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May 14, 2022

Does masturbation affect fertility?

Will ejaculating too often boost your fertility, or hinder it? Is there a certain number of times you should masturbate per day, week, or month to maintain optimum fertility? Does masturbation affect sperm count?

When it comes to masturbation, it's completely normal to wonder — what is normal? Let's break down the facts to understand whether masturbation affects fertility.

This is especially relevant if you are in the process of trying to get your partner pregnant (known as trying to conceive or TTC).

Key takeaways

  • Sperm is being produced by the testicles constantly, and as it waits in storage, quality declines. There's no evidence that "semen retention" or avoiding ejaculation is beneficial for fertility.
  • If you're trying to conceive, you may want to avoid masturbation during the fertile window, when you're having sex every 1–2 days — or for 2–5 days before a semen analysis, sperm freezing, or IVF procedure. Otherwise, there's no reason to avoid masturbation.
  • Masturbation has many mental and physical health benefits, and is overall part of a healthy sex life.

Understanding sperm production

To understand how frequent ejaculation affects fertility, we need to get back to basics and talk a little about how you make sperm. Sperm production (spermatogenesis) begins during puberty and continues throughout your life. 

The testes produce around 50–100 million viable sperm every single day. At first, the sperm cells are immature, and unable to swim. They go through a series of divisions as they mature — which create genetic variation — and they eventually become able to move on their own. It takes approximately 74 days for a newly formed sperm to become fully mature. 

The body stores mature sperm in the “cauda epididymis,” a structure in the epididymis — a tube at the back of the testicles. When you ejaculate, sperm moves via muscle contractions to the vas deferens. The vas deferens connect to the seminal vesicles, which produce seminal fluid (semen). The sperm mixes into the semen, and then moves to the urethra for ejaculation. When you orgasm, this leads to ejaculation, releasing the sperm and seminal fluid.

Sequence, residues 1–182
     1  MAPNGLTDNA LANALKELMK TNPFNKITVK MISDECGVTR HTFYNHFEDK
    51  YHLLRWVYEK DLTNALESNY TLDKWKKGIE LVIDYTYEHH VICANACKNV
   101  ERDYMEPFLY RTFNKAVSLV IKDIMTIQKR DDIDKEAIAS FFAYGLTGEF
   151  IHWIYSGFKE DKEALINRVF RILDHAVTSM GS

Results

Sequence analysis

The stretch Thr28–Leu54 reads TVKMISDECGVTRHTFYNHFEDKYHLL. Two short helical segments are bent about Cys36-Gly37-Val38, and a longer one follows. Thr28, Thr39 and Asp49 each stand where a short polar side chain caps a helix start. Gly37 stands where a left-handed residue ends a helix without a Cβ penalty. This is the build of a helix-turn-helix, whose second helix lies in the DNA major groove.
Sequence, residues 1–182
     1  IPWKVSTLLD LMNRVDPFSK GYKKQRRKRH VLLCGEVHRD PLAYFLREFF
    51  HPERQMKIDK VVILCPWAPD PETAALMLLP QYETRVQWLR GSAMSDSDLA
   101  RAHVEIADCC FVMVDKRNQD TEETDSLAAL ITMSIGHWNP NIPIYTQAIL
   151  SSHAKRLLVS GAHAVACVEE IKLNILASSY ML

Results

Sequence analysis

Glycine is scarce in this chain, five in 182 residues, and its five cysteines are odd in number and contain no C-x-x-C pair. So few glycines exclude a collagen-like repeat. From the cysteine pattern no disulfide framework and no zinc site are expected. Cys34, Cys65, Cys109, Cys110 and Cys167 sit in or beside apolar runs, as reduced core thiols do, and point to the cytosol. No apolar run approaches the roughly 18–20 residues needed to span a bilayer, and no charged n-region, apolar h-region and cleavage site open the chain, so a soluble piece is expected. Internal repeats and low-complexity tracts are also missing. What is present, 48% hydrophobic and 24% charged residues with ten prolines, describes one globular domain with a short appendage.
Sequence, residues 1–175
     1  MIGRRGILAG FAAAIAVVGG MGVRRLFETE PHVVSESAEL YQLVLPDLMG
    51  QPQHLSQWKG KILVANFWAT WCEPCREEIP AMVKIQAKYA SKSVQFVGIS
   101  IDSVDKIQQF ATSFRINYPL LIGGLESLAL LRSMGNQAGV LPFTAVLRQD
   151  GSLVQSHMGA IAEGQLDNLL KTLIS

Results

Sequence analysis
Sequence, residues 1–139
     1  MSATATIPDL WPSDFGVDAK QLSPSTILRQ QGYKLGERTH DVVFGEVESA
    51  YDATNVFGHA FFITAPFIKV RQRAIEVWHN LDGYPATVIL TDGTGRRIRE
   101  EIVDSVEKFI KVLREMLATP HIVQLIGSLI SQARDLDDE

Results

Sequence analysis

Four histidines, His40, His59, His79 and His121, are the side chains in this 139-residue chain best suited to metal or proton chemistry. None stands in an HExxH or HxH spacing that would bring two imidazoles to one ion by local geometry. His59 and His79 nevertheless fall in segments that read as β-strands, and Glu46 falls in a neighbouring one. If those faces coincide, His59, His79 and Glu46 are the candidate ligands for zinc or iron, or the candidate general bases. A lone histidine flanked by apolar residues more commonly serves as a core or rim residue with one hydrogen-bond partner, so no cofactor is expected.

If you don’t ejaculate, what happens to your sperm? It sits in “storage” for a while — more on that below — and then is eventually reabsorbed by the testes.

Now we know that sperm takes nearly three months to mature once produced, let’s discuss: Does masturbation affect male fertility?

Is semen retention good for fertility?

If you are looking to improve fertility or increase low testosterone, you may have come across information about “semen retention” (intentionally avoiding ejaculation). Some people claim that avoiding ejaculation and “retaining semen” improves energy levels, fertility, sexual pleasure, and emotional health.

This concept has been around for a long time. But, there’s no scientific evidence to back up the claims — and in fact, abstaining from ejaculation for more than a few days is actually detrimental to your sperm quality.

Semen volume (how much semen you ejaculate) and sperm concentration (how many sperm are in your semen) do increase after 1–2 days of abstinence.

However, on the flip side, sperm quality, or the health of your sperm, has been shown to decrease after two days of abstinence, and worsen over a more extended period. And the genetic health of sperm suffers from longer abstinence windows.